ST. GEORGE — Got milk? Increasingly, Americans don’t, and that led the nation’s biggest milk producer to file for bankruptcy Tuesday.
Dean Foods blamed a decadeslong drop in milk consumption that has seen people turn to alternatives like soda, juice and almond milk.
The Dallas company said it may sell itself to the Dairy Farmers of America, a marketing cooperative owned by thousands of farmers.
“Despite our best efforts to make our business more agile and cost-efficient, we continue to be impacted by a challenging operating environment marked by continuing declines in consumer milk consumption,” CEO Eric Berigause said in a statement.
Since 1975, the amount of liquid milk consumed per capita in the U.S. has tumbled more than 40%. Americans drank around 24 gallons a year in 1996, according to government data. That dropped to 17 gallons in 2018.
An increasing variety of beverages, including teas and sodas, has hurt milk consumption. So have protein bars, yogurts and other on-the-go breakfasts, which take the place of a morning bowl of cereal.
More recently, health and animal-welfare concerns have also contributed, as more shoppers seek out non-dairy alternatives.
Oat milk, for example, saw U.S. sales rise 636% to more than $52 million over the past year, according to Nielsen data. Sales of cow’s milk dropped 2.4% in that same time frame.
Not all dairy products have been affected. U.S. butter and cheese consumption is up since 1996, for example.
“We’re eating our dairy, not drinking it,” said Mark Stephenson, director of dairy policy analysis at the University of Wisconsin-Madison.
The downturn has had an outsize effect on Dean Foods, which derived 67% of its sales from fluid milk last year, according to its annual report. The company has lost money in eight of its last 10 quarters and posted declining sales in seven of the last eight.
Dean employs 16,000 people and operates 60 processing facilities across the country. On any given day, it is running 8,000 refrigerated delivery trucks on U.S. roads.
It supplies milk for its own brands, like Dairy Pure, Meadow Gold and TruMoo, as well as store brands. One big blow came last year when Walmart opened its own milk processing plant in Indiana.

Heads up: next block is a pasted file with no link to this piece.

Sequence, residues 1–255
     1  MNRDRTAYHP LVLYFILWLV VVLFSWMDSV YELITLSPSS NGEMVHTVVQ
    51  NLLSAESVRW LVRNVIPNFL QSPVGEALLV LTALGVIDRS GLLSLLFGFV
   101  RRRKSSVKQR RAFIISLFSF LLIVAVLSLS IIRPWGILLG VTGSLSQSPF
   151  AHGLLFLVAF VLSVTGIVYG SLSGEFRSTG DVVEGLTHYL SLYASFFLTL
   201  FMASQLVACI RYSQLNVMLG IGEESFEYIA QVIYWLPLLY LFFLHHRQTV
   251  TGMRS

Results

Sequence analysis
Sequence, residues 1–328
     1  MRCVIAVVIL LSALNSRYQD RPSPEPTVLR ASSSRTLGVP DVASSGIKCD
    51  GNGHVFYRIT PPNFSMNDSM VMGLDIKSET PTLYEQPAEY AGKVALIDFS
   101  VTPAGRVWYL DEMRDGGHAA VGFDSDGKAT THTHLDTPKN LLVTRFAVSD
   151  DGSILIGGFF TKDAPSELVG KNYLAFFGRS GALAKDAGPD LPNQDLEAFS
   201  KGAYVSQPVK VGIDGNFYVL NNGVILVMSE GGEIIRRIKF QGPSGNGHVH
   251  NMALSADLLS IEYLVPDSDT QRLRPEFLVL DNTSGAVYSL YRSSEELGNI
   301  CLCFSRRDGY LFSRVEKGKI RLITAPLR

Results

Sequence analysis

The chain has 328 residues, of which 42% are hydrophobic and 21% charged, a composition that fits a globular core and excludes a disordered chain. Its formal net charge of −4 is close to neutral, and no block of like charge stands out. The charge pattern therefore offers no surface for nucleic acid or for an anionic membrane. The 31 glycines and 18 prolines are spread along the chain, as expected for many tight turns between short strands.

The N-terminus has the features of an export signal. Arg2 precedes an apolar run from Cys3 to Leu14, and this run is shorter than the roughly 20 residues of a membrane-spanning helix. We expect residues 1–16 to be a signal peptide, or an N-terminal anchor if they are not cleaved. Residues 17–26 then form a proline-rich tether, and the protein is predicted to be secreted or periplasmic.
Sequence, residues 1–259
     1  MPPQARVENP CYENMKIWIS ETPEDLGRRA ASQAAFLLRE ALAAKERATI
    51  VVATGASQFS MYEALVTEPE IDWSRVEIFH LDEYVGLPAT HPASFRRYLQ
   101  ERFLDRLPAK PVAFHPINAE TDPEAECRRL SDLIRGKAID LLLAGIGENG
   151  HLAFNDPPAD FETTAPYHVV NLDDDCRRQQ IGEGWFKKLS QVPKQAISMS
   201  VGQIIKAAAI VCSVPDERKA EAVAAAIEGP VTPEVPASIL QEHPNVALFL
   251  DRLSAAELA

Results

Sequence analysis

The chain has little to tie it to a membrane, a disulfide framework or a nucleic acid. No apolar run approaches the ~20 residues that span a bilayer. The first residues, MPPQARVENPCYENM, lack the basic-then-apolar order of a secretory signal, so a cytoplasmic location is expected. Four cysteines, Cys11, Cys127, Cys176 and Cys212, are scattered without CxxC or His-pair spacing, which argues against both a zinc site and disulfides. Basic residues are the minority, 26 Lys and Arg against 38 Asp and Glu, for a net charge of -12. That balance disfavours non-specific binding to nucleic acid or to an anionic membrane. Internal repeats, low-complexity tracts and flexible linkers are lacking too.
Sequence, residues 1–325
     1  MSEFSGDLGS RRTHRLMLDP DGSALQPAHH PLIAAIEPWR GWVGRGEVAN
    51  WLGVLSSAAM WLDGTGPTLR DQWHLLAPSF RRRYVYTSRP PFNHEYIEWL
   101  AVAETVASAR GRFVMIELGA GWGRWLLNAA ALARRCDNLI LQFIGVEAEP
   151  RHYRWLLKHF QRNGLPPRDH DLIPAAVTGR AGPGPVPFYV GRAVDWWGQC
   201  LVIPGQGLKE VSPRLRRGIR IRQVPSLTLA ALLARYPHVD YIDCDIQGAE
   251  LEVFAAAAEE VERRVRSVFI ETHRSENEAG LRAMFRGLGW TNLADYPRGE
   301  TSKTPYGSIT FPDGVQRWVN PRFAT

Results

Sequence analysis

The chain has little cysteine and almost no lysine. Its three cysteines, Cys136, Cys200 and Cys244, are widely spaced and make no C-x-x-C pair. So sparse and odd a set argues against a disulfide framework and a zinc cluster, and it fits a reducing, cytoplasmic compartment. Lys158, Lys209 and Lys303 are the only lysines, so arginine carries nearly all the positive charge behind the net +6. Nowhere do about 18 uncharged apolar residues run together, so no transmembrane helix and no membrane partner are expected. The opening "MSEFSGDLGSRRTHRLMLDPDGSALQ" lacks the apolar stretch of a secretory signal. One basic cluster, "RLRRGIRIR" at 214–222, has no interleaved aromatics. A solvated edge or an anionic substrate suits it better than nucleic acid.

Dean said it will continue operating normally while it puts its finances in order under Chapter 11 bankruptcy. It has lined up about $850 million in financing from lenders.
The bankruptcy filing comes at a difficult time for dairy farmers, who were already struggling with low prices because of oversupply.
Linda Ceylor and her husband, Gerald, operate an organic farm near Catawba, Wisconsin, where they milk fewer than 50 cows and raise heifers.
Ceylor said Dean Foods’ woes mirror what smaller producers are facing. She said the most hurtful part is watching young people go out of business, including three neighbors in their 30s.
“All they ever wanted to do is milk cows, and all three of them said they can’t do it anymore,” Ceylor said. “That’s like watching your grandchildren go through a massive problem you can’t do anything about. There’s really no other choice for them to make.”
Darin Von Ruden, president of the Wisconsin Farmers Union, said he is concerned about Dean Foods selling itself to Dairy Farmers of America.
“That’s two of the five biggest companies in the country, and when you start looking at that kind of consolidation, is that good for producers? The answer is probably no,” said Von Ruden, who is selling his dairy operation to his son.
Dean is already a product of consolidation. It was bought by Suiza Foods Corp. in 2001. The new, larger company assumed the Dean name and bought several other milk producers.
Stephenson said that left Dean with a large number of aging facilities. At the same time, it sold off some non-dairy brands, like TofuTown, becoming less diversified.
Stephenson said Dean was also slow to innovate. He cited growing sales of Fairlife milk, a Coca-Cola Co. brand that is lower in lactose and higher in protein.
Written by MICHELLE CHAPMAN and DEE-ANN DURBIN, Associated Press.
Associated Press writer Dave Kolpack in Fargo, N.D., contributed.
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